By ten-thirty, the noodles are made and ready to throw in with the chicken, and Rita's house is cleaner than it needs to be. The farmhouse, where Mack's family now lives, is still the family center, just as it was when Rita and Taylor lived there. It turns out that Rita's status as mother of the family was not the main reason her home was the hub all those years. The house itself, large and functional and not very beautiful, is what compels them all to congregate. Rita figured that out a year or so after Taylor's passing, when she moved to town and a smaller place. The kids stop by every day, but they don't circle around and land at her little house in town the way they always did at the farm. She doesn't mind that as much as she expected. It's been nice to have privacy, or at least what passes for privacy in Beulah.
On her way out the door to make what she has come to call her "P&P run" -- the nearly daily trip to the post office and pharmacy -- she grabs two packages of heat-and-serve dinner rolls from the top of the fridge. They're for the party tonight. Jodie likes to have everything on hand several hours ahead of time. The trip out to the farm, also, is a daily event for Rita.
But her day goes south when she turns the ignition key. The engine whines but won't turn over -- for the third time this week. She huffs at the little car and tries again. She tries six times and then quits for a minute, feeling warm from the sun that surrounds her in the driveway.
Amos from next door comes out and stands in his drive just a few yards away. He puts his hands on his hips, which always looks funny when Amos does it, although Rita can't figure out why.
"Givin' you trouble again," he says, nodding toward the front end of the car. "Of course. On a day when I really need to go somewhere."
"You're always needing to go somewhere." Amos smiles a little. He's so old and wrinkled that it looks like a wince.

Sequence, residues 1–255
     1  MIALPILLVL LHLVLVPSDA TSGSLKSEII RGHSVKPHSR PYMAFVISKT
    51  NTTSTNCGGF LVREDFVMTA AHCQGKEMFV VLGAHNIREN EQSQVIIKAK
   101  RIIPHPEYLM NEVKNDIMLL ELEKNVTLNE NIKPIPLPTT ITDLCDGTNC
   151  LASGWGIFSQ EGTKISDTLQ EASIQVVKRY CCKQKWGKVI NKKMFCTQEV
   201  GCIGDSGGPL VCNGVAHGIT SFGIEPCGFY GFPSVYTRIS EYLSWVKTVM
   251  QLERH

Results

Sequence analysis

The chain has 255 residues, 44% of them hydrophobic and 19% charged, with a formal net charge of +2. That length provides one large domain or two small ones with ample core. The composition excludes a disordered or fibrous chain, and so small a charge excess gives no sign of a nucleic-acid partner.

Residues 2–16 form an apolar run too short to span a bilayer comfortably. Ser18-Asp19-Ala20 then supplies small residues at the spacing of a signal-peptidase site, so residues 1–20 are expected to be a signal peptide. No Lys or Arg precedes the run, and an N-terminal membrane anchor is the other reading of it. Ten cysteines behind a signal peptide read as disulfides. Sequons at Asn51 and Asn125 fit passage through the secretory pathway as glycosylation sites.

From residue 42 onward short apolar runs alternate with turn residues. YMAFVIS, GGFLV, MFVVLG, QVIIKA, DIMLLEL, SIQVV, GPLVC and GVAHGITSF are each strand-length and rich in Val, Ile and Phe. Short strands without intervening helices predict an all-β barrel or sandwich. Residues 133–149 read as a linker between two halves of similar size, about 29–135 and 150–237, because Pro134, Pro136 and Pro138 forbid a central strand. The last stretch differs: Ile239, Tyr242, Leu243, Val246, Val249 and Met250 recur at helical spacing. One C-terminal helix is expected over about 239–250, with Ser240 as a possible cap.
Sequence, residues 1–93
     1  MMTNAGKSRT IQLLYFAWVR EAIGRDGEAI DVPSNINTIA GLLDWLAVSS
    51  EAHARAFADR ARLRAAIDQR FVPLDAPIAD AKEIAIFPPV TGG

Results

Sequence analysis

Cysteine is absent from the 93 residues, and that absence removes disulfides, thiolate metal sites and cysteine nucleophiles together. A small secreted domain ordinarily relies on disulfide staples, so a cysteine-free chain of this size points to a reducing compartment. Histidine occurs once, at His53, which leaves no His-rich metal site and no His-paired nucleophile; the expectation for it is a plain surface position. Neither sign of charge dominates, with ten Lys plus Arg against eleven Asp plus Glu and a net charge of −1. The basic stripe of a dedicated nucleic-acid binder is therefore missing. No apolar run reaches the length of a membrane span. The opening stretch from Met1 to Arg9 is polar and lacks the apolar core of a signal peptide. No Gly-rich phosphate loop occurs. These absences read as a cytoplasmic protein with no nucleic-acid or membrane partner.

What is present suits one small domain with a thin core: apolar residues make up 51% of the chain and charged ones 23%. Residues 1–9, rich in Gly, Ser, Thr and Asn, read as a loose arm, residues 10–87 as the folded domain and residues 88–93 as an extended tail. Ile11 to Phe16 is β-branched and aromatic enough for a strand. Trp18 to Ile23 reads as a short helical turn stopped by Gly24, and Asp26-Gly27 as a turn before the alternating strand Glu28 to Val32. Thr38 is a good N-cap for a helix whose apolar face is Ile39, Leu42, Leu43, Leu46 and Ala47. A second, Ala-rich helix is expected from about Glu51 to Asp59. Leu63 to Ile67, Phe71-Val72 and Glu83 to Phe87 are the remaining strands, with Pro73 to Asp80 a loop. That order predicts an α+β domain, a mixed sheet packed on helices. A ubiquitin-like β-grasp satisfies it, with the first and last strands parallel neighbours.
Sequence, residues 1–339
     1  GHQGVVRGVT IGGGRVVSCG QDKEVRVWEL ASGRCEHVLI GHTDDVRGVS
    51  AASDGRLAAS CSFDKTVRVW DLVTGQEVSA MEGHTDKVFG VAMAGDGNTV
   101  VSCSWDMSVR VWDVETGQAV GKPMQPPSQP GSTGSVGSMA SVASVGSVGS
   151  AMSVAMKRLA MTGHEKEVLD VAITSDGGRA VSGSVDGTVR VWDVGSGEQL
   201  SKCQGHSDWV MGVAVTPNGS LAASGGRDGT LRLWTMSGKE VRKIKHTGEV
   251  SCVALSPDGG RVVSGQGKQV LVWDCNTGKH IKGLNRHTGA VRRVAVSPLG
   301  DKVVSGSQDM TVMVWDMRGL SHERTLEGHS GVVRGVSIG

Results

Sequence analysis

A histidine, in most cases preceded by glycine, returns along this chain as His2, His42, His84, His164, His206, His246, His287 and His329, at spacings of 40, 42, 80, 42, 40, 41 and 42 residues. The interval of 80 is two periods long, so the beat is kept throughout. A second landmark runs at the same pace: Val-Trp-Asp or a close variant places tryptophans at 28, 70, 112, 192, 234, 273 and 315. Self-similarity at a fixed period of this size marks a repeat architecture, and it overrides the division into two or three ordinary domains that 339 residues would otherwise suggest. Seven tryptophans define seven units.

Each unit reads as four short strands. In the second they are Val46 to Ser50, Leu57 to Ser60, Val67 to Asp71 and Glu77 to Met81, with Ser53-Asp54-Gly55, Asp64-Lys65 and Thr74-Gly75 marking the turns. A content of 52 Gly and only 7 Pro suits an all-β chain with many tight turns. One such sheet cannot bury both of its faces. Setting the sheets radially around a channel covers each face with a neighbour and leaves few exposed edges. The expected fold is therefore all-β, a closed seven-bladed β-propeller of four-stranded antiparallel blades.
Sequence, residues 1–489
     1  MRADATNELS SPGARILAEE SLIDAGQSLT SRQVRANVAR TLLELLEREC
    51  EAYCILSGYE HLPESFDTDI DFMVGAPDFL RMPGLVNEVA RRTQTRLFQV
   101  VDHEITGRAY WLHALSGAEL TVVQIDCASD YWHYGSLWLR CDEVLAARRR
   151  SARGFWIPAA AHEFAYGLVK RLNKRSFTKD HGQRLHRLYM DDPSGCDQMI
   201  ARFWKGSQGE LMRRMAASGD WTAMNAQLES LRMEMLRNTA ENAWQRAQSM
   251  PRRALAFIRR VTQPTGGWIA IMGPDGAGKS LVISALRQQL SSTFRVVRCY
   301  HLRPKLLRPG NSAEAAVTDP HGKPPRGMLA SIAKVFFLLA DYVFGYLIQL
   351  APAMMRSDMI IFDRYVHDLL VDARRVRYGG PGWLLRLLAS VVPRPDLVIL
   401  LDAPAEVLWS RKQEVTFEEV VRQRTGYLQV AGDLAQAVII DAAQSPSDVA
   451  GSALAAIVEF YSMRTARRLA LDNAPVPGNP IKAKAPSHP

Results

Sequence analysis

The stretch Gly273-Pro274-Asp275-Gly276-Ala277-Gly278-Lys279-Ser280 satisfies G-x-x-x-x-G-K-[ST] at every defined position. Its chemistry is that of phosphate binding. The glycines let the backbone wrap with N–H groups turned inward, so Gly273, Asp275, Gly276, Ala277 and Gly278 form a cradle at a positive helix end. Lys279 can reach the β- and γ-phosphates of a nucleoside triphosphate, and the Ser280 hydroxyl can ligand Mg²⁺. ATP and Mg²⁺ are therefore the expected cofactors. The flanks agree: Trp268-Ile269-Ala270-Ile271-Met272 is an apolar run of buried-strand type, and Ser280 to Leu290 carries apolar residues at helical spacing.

"But some days it's not that important. Mack'll be home this evening."
"Will he? Well, that's just wonderful. I'm sure you're all happy about that."
"Yes, we are." She turns the key again and listens to the engine strain but not start.
"How old's this car?"
"Nearly eleven years. Taylor bought it for me just a few months before he died."
Amos looks impressed. "That's a real long time for a car to run without a lot of trouble."
"I know. Shouldn't complain, I guess."
"Have Tom Longman look at it."
"I probably should." She tries one more time, and the Ford comes to life grumpily. She raises her eyebrows at Amos. "Now that it's started, I better do all the running around I need to."
Mack's coming home. This is the thought she woke up with, and she's come around to it again at least twenty times. When her son's name flickers across her mind, something tugs at Rita from inside. It's a sensation that has visited her often since the first time her first child moved in the womb. During pregnancy, from the core of Rita's body would come a soft stirring -- an echo, really, of the actual movement -- and her whole self would huddle around that feeling, because every nerve ending seemed to understand that Rita was destined forever to have a center to her life that wasn't even her life. She and Taylor Barnes made a little baby way back when, and Rita hasn't for a day or an hour since felt that she is the focus of her own life. Over the years, as her children . . .